NCAA Compliance Guidelines
The University of Oregon is committed to reaching the highest levels of success, both academically and athletically. As an institution we are dedicated to reaching these levels, while we maintain our integrity. This includes adhering, in letter and spirit, to all of the National Collegiate Athletic Association (NCAA), Pacific-10 Conference (Pac-10) and institutional rules and regulations governing intercollegiate athletics.
As a member of the NCAA, the University of Oregon is responsible for the actions of its representatives of athletic interests. The NCAA definition of a representative includes, but is not limited to, boosters, alumni, faculty, staff, and fans. Member institutions are held accountable for your actions as a representative. We value your interest and support, but we must remind you that a single violation of NCAA legislation, resulting from an inappropriate action on your part, whether intentional or not, could jeopardize the eligibility of a student-athlete, and/or the compliance of the University of Oregon with NCAA and Pac-10 rules and regulations.
The following information will help you understand the basic principles governing the conduct of representatives of Athletic Department interests. (Traditionally referred to as boosters).
Am I representative of Oregon's Athletic Interests?
If any of the following apply to you, you are considered a representative:
- You participate in or have been a member of any agency or organization that promotes University of Oregon intercollegiate athletics
- You made financial contributions to the University of Oregon or its booster clubs.
- You assisted in providing any benefit (e.g., job) to enrolled student-athletes or their families.
- You have assisted or have been requested by the athletics staff to be involved in the recruitment of prospective student-athletes.
- You have been involved in any other way in promoting any of Oregon's athletic programs.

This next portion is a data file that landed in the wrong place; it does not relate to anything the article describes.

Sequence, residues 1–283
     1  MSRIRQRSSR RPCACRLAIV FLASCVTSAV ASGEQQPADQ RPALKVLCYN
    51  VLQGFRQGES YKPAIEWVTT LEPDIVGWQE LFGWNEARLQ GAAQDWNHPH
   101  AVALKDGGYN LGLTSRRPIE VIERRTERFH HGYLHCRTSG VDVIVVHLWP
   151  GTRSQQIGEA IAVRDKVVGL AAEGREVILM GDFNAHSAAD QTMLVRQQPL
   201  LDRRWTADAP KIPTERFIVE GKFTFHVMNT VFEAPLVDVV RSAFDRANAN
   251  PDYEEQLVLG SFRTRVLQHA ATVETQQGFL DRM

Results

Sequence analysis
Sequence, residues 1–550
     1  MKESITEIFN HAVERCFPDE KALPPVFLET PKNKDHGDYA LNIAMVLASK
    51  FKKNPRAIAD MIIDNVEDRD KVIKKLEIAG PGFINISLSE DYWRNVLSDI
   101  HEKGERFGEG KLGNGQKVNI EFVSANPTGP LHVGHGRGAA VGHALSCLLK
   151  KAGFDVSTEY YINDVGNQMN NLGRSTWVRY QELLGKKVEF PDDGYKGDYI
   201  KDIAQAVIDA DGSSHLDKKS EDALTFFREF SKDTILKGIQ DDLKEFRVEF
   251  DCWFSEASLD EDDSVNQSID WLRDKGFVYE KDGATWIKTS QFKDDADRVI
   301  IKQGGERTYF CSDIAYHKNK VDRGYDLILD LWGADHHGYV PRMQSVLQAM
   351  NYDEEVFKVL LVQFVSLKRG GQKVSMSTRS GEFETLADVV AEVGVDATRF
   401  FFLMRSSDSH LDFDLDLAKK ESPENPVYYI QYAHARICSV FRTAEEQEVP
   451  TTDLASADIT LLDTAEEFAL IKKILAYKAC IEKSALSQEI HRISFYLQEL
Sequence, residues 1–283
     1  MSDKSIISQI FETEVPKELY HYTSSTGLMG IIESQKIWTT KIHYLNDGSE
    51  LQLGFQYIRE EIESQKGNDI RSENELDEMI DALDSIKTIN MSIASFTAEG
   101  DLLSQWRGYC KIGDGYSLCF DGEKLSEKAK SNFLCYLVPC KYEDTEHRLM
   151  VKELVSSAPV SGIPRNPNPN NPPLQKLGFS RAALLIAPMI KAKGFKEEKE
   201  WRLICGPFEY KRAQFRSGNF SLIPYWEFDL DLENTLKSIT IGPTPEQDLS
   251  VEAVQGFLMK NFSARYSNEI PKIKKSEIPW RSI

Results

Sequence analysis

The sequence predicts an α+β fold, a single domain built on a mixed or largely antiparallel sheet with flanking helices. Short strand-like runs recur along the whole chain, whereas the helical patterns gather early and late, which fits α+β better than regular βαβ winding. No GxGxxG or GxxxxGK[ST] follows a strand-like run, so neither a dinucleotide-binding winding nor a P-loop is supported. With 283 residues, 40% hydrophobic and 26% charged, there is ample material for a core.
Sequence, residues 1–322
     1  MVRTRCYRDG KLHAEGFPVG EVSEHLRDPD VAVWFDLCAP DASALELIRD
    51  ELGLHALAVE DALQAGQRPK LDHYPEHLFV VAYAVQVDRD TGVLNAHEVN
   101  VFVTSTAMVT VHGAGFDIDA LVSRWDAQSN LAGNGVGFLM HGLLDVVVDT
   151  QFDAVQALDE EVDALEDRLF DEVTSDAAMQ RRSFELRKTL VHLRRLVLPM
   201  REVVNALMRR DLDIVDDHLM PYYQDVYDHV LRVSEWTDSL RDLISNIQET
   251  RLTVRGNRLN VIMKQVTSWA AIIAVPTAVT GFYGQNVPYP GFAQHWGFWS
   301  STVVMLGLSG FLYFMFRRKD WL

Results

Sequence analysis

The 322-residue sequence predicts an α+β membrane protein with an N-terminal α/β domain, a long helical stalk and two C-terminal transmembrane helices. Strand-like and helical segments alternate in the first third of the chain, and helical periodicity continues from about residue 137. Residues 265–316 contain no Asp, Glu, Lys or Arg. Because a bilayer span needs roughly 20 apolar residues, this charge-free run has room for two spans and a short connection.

Who is a Prospective Student-Athlete?
A prospective student-athlete (PSA) is any student who has started classes for ninth grade. In addition, any student not yet in the ninth grade becomes a PSA if the institution provides such an individual, or their relatives or friends, any financial assistance or other benefits that the institution does not generally provide to prospective students.
A prospective student-athlete remains a prospect even after he or she has signed a National Letter of Intent or financial aid tender to the University of Oregon. The PSA does not lose this prospect status until the start of classes at the University of Oregon or until the beginning of official team practice prior to the start of classes.
What is an Extra Benefit?
An extra benefit is any special arrangement by an institutional employee or a representative of the institution's athletic interests to provide an enrolled student-athlete or student-athlete's relatives or friends a benefit not expressly authorized by NCAA legislation.
What CAN I NOT DO for student-athletes?
Examples of extra benefits include but are not limited to:
- Providing the use of an automobile
- Providing tickets of any kind for entertainment, such as for an athletic, institutional or community event
- Giving any type of gift, gift-in-kind, or money
- Providing free or reduced-cost room and/or board
- Providing free or reduced-cost merchandise or services
- Arranging, providing or co-signing a loan
New areas of concern within NCAA Compliance
SOCIAL NETWORKING WEBSITES
Social networking websites such as Facebook and MySpace have emerged as a preferred channel of communication among high school and college students in the last five years. Duck boosters are asked to maintain a sense of propriety when using these social networks. Recently, an institution reported an NCAA violation after several boosters contacted potential recruits on their MySpace pages and inappropriately encouraged them to attend the institution. The NCAA precludes boosters from "making in-person, on or off-campus recruiting contacts, or written or telephonic communications with a prospect or the prospect's relatives or legal guardians." Online communication is considered communication under the rule. It is also important to note that a booster, as defined by the NCAA, is not necessarily someone who contributes financially to a university, but can be anyone who assists in the recruiting of prospects. This type of communication is likely well intended and motivated by pride in our institution; however, it is prohibited by the NCAA and is ultimately harmful to the University of Oregon's best interests.
It is very important for both you and the University of Oregon that you know and abide by all NCAA legislation. If you have specific questions about NCAA rules or would simply like more information, please contact the University of Oregon Athletic Compliance Office.
REMEMBER, ALWAYS ASK BEFORE YOU ACT!
For any questions about NCAA Compliance, please contact 541 346-4486